Answer to a Reader’s Question:
Many people are rightfully confused about the various ways that protein recommendations are established, and fail to know the main factors that have caused the confusion. Understanding the protein recommendations requires an understanding of the history of protein research and the serious bias that crept into the science over the years. From the beginning, there was a very strong bias that has emphasized the health importance of protein and this almost always meant animal-based protein. This bias arose even though the research results clearly showed in many cases that it SHOULD NOT be emphasized. Nonetheless nutrition researchers still emphasized higher consumption of protein because it was the “sign of civilization itself” as was said in the early 1900s and, further, that those who did not consume these generous amounts of protein (i.e., meat) were “of an effeminate nature”!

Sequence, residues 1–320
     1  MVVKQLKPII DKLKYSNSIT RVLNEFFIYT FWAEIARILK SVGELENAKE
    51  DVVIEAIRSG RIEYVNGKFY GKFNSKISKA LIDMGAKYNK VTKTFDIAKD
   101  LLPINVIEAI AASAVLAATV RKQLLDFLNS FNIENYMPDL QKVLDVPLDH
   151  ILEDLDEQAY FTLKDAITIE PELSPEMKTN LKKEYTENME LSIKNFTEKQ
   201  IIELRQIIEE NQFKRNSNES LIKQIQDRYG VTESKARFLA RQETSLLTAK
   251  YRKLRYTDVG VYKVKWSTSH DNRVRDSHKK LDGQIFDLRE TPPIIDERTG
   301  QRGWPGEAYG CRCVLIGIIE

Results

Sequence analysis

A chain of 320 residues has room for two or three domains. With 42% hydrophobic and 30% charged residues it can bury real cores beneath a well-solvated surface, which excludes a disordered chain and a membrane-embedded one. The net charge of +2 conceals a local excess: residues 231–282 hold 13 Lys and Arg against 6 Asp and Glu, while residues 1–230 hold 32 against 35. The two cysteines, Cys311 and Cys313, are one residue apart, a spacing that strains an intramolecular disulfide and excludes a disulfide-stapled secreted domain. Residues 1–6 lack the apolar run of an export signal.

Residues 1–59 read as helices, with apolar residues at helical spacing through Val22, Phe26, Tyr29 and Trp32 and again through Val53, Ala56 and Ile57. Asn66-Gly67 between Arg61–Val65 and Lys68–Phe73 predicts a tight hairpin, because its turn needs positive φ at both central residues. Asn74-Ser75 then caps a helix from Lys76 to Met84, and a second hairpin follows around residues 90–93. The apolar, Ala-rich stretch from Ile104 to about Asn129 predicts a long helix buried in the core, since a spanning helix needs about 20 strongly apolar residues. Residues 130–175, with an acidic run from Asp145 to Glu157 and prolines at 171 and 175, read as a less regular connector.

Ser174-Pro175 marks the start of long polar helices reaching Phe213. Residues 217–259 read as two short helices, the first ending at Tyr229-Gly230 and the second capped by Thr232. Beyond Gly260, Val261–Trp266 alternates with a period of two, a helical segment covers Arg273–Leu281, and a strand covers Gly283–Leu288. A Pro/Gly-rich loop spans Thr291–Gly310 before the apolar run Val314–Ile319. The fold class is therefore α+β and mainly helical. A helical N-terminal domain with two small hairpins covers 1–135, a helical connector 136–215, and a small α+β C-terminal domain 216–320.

Researchers continually pushed the protein idea and continually found ways to develop methodologies and algorithms to ‘show’ that higher levels of protein were advisable. The whole concept of protein “quality” was devised so that it could be said that animal protein was high quality and plant proteins were low quality when, in fact, the concept of quality only indicated a biological efficiency of utilization per unit protein consumed. Naturally, animal-based proteins more nearly mimic our needs because they are composed of the right ratio of amino acids, thus are used more efficiently. But these studies were mostly based on animal production research that served the farm community (also served for my PhD thesis!) far more than it served the interests of human health. More efficiently used “high [...]